“We’ve been fortunate that, even as we start our families we are still close; we still get to work together and it’s a great way to raise a family,” says Patricia.

The eleventh annual “Faces of Farming” calendar, published by Farm & Food Care Ontario, is designed to introduce the public to a few of Ontario’s passionate and hardworking farmers – the people who produce food in this province. Copies can be ordered online at www.farmfoodcare.org.

The Top 6 Roundup

We thought it would be fun to look back at the most popular posts on The Real Dirt on Farming Blog in 2015. Here’s how they stacked up in popularity with you, our readers.

#6: Day in the Life – ‘Kidding-around’ with a goat farmer

Anna, Mark and their children at their farm and butcher shop

Anna, Mark and their children at their farm and butcher shop

Hi! My name is Anna Haupt and together with my husband and three young children, we run Teal’s Meats – a provincially licensed butcher shop on our farm in Haldimand County, on the north shore of Lake Erie in Ontario. I also raise a small herd of registered Boer goats on our farm, Springvalley Boer Goats. I enjoy showing, sell breeding stock to other producers and process our market animals for sale through our butcher shop. Our summers are extremely busy serving our butcher shop customers, so I like to kid out (giving birth) my does (female goats) in the winter months when I have a little more time to spend in the barn. Today on our farm…READ MORE Continue reading

Different areas, same challenges

By Matt McIntosh

In September, I had a chance to visit Alberta for the first time since I was a child, and while there, I visited a few farms in conjunction with the annual conference of the Canadian Farm Writers’ Federation.

I come from farm country in Southwestern Ontario, and the diversity between farms in my own province is staggering; the level of diversity between farms at home and out west is even more intriguing. The funny thing is, farmers all seem to encounter similar problems and find similar solutions despite what they produce, where they produce it and on what scale. Continue reading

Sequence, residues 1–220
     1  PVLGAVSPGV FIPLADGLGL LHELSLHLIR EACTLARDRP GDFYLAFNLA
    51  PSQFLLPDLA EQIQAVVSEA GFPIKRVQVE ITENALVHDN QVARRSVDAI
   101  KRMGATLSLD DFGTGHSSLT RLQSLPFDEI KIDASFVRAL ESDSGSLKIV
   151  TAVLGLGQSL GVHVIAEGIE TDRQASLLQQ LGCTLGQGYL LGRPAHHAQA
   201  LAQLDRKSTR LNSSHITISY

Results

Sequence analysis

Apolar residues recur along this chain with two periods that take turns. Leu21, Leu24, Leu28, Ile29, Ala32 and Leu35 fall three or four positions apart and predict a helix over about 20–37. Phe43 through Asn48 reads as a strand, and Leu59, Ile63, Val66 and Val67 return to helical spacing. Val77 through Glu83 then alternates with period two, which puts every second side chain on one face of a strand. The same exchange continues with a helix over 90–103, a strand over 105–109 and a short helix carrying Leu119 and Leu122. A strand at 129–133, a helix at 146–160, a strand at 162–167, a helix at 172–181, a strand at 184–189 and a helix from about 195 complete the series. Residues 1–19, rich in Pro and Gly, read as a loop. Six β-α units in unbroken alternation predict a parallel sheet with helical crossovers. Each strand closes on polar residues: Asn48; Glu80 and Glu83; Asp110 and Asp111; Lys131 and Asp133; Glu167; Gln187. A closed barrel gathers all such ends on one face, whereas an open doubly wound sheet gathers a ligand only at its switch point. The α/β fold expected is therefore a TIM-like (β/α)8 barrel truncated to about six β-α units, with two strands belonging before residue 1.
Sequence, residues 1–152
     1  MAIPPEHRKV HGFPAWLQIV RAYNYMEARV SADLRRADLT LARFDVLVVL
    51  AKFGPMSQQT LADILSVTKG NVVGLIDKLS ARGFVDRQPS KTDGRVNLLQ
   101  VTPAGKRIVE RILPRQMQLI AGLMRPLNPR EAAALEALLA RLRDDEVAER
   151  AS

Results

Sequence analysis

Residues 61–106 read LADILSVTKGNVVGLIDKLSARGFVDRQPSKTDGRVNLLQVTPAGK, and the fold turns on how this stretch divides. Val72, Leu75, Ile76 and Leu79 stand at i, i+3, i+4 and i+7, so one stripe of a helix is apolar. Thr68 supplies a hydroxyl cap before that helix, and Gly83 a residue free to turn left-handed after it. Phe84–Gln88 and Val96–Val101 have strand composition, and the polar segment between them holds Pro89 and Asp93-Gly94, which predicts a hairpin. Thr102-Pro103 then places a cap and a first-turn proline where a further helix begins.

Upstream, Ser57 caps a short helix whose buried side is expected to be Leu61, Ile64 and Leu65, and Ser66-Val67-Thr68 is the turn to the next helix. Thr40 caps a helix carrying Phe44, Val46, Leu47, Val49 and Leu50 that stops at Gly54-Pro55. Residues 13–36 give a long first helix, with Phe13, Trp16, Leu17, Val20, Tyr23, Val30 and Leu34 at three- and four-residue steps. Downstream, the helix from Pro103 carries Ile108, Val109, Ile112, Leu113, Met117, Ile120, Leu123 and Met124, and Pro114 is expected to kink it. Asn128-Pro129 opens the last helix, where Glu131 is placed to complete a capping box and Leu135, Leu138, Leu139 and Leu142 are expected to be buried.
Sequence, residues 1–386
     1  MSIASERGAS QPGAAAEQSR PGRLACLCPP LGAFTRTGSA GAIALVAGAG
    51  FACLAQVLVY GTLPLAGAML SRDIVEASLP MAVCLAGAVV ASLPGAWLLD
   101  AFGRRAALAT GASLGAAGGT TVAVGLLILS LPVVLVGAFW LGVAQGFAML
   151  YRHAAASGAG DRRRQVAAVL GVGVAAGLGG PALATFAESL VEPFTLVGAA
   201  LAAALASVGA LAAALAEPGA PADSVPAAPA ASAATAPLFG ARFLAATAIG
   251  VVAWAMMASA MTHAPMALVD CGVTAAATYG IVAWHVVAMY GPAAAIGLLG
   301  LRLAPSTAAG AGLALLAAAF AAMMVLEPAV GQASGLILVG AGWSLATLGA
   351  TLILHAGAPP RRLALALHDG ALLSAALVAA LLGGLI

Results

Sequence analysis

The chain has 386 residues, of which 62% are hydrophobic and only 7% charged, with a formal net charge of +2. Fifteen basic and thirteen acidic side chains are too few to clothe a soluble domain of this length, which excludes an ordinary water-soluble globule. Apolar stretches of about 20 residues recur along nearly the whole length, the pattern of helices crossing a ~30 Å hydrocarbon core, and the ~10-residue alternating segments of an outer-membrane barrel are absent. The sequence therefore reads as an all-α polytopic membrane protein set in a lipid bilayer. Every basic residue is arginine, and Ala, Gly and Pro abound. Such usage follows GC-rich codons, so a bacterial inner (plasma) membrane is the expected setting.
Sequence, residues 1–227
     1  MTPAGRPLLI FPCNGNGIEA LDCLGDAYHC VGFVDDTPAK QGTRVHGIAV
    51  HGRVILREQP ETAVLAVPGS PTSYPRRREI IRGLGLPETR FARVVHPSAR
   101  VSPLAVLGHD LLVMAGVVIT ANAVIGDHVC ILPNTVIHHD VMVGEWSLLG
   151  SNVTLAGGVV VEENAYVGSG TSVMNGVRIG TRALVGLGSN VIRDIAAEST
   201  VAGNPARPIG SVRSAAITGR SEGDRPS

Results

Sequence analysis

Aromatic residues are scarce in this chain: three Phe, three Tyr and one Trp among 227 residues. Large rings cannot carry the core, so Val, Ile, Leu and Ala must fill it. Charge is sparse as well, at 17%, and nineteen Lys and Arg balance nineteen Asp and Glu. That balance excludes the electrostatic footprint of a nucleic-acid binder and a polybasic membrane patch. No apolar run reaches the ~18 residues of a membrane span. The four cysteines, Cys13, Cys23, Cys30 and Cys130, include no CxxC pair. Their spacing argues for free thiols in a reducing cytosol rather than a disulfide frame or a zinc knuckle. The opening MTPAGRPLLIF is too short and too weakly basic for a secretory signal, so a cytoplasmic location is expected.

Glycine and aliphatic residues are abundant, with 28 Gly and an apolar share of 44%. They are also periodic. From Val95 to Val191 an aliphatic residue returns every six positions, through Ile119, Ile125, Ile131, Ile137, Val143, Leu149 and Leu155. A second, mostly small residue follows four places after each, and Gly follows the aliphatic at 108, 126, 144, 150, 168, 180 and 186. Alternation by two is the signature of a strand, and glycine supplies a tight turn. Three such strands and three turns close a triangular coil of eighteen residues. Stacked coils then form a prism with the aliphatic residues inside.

Thinking like a cow is harder than you think

By Kristen Kelderman, Farm Animal Care Coordinator, Farm & Food Care

Thinking like a cow is harder than you think. (2)

Dylan Biggs works to get cattle to go through a gate one at a time by pressuring into the group of cattle.

The morning starts out the same each day. Staff wake early, drive to a small town meeting hall, unpack supplies, set up the projector and flip chart and try not to forget the ever important coffee and doughnuts.

After coffee cups are filled and neighbours enjoy a quick catch up with each other, everyone settles into their seats for the morning.

We begin.

Recently I had the opportunity to travel around with Alberta rancher and cattle handling expert Dylan Biggs, his father Tom, and ranch employee Elizabeth in a series of handling workshops for Ontario beef farmers. These workshops were put on through Farm & Food Care’s IMPACT animal care program.

After a week of workshops, I’ve become familiar with the content, but each day is a little bit different and they’re certainly never boring. Continue reading

The real dirt on hen housing

By Kristen Kelderman, Farm Animal Care Coordinator, Farm & Food Care

The Real Dirt on Hen HousingHaving recently become a new homeowner, it’s amazing how many different housing options there are are out there. You might be a high rise condo dweller living in one of the many buildings that populate the horizon or maybe in a single detached family home that is more your style.

Townhomes, executive penthouse lofts, cottage living – the options are endless with each choice presenting different benefits and amenities. If you’re anything like me, the only restriction is your bank account!

It’s not that different when it comes to housing options for farm animals. Modern barns today offer many benefits that the traditional red bank barn of our grandparents’ age would never be able to provide. New advancements in technology have allowed the reconstruction of modern barns to provide things like climate-controlled environments, enriched amenities, access to feed and water 24 hours a day, smart phone alerts if an issue arises in the barn and much more.

But how do we know what good and what bad environments for farm animals actually are? Science helps to tell us this. There has been a lot of research around the globe on housing of farm animals and on how different environments affect them. Many researchers have dedicated their entire careers to this area of science: studying animal behaviour, environmental impacts, natural behaviours and many more aspects of how housing influences an animal’s life.

Let’s talk about laying hen housing – housing for the birds that lay the eggs that you enjoy for breakfast. Continue reading